It’s taken me longer than it should have, but this afternoon I finally finished the formatting of a checklist that should be of interest to everyone who reads and collects mysteries published during the Golden Age of Detection.

HARPER'S SEALED MYSTERIES

    Compiled by Victor Berch, the title is “A Checklist of HARPERíS SEALED MYSTERY SERIES,” and to tempt you even more, here are the first two paragraphs of Victor’s introduction to the list:

    Following in the footsteps of Doubleday, Doran & Co.ís entrance into the mystery series with its Crime Club series early in 1928, Harper Brothers introduced in 1929 an unusual concept for its series. Each publication was to have a certain portion of the mystery story sealed off from the reader at a climactic point in the story. If the reader wished to continue to discover the authorís explanation and solution to the committed crime(s), the reader would then have to break the seal and read on.

    Should the reader lose interest in the authorís story and returned the book to the bookseller with the seal intact, the reader would be refunded the cost of the book.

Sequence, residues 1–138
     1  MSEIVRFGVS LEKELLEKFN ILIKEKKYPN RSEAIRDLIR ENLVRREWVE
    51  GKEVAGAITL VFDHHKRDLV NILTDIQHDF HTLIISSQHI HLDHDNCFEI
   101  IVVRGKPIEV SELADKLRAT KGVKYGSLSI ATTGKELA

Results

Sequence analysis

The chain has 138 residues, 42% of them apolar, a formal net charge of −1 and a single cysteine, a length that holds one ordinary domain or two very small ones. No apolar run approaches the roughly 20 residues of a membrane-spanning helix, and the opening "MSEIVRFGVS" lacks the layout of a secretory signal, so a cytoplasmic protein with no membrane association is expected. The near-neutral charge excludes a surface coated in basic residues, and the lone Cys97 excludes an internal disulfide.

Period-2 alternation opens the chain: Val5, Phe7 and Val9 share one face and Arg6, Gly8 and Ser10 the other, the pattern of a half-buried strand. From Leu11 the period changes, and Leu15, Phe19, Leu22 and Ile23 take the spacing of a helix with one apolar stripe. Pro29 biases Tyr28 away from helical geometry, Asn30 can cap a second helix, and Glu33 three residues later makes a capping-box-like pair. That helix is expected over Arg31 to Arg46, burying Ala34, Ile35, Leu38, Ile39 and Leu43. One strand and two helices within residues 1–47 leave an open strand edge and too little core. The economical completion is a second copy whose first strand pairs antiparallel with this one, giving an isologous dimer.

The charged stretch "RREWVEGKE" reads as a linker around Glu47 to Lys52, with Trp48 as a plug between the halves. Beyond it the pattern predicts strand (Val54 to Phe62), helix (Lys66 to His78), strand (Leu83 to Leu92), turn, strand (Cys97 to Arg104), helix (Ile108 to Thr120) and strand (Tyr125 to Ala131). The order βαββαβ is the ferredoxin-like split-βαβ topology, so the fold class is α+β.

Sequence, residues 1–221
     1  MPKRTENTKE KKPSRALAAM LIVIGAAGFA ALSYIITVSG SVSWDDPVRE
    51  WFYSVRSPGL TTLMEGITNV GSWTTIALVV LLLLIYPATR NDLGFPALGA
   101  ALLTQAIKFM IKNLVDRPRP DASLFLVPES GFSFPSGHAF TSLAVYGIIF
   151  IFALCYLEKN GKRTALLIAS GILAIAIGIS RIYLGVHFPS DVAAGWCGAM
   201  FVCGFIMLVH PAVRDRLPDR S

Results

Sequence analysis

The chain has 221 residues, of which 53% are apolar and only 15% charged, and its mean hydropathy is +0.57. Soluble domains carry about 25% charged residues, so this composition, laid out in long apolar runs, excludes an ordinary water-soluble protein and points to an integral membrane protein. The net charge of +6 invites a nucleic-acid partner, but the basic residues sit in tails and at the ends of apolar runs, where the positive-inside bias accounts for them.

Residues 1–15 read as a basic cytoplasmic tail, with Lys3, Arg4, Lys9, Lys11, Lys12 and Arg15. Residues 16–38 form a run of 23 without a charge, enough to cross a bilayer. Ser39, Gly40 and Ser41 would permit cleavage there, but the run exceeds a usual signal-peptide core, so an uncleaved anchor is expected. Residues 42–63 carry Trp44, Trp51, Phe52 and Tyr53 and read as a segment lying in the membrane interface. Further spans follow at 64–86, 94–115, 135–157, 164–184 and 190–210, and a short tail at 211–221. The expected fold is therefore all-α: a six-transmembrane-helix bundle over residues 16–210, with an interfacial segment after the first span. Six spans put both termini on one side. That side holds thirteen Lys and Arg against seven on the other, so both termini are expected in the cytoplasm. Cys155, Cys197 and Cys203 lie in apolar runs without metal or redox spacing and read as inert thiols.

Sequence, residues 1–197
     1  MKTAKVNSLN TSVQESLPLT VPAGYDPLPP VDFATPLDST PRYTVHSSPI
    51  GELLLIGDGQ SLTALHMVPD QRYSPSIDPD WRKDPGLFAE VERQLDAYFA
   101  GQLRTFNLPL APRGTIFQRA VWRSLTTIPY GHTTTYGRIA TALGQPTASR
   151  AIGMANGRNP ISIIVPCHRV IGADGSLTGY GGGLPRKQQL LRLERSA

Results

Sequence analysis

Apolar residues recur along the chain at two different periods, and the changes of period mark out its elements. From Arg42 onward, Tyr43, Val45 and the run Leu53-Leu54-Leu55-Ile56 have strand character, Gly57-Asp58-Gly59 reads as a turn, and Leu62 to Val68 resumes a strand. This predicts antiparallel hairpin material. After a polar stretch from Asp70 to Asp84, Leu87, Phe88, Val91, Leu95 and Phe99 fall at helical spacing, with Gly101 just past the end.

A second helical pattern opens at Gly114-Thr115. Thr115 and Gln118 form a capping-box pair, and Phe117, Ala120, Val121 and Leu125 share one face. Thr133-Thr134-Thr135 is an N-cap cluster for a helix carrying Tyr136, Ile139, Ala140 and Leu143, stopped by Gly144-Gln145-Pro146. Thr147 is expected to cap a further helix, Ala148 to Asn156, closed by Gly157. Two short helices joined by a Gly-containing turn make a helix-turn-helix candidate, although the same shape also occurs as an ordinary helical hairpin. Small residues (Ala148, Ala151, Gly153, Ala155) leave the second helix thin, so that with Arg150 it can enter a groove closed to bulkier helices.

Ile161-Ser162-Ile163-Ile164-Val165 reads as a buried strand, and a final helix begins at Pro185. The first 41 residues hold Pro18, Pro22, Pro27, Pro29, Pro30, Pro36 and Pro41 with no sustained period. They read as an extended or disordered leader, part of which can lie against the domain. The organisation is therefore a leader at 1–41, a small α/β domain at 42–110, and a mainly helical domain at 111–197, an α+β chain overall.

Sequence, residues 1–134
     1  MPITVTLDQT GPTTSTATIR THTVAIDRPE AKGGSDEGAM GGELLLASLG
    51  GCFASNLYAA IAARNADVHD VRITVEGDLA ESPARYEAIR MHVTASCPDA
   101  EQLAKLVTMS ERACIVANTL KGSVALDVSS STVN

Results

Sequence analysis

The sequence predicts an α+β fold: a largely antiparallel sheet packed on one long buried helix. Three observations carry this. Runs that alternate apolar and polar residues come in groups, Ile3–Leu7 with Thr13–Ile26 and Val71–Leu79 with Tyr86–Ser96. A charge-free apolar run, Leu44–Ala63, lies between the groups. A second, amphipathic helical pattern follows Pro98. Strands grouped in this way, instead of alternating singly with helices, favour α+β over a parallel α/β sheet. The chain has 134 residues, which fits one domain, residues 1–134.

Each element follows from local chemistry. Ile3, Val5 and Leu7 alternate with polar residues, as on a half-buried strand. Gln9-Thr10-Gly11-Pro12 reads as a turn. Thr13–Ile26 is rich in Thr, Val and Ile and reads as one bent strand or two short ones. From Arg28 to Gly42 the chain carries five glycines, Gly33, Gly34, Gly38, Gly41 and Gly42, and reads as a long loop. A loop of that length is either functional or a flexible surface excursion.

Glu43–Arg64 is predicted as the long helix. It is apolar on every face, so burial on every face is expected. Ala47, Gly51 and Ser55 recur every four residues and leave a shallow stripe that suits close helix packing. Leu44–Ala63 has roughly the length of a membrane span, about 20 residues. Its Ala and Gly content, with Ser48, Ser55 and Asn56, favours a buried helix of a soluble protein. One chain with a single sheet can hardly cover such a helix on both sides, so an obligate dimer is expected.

This series of books, obviously very collectible today, was published between 1929 and 1934. The most prominent author included in the series was beyond a doubt John Dickson Carr, with nine books in the series (in six years!). It’s the cover of one of these that you see here up above. Other authors include Freeman Wills Crofts, Milton Propper, Mary Plum, Hulbert Footner and Albert Payson Terhune.

    Thanks to Bill Pronzini and his collection, covers of some two dozen or more are included. The list is too long to have posted on the blog. You’ll find it instead here on the main Mystery*File website. (Follow the link.)

    And just how many of the books were returned to Harper’s for a refund? You’ll have to read Victor’s article.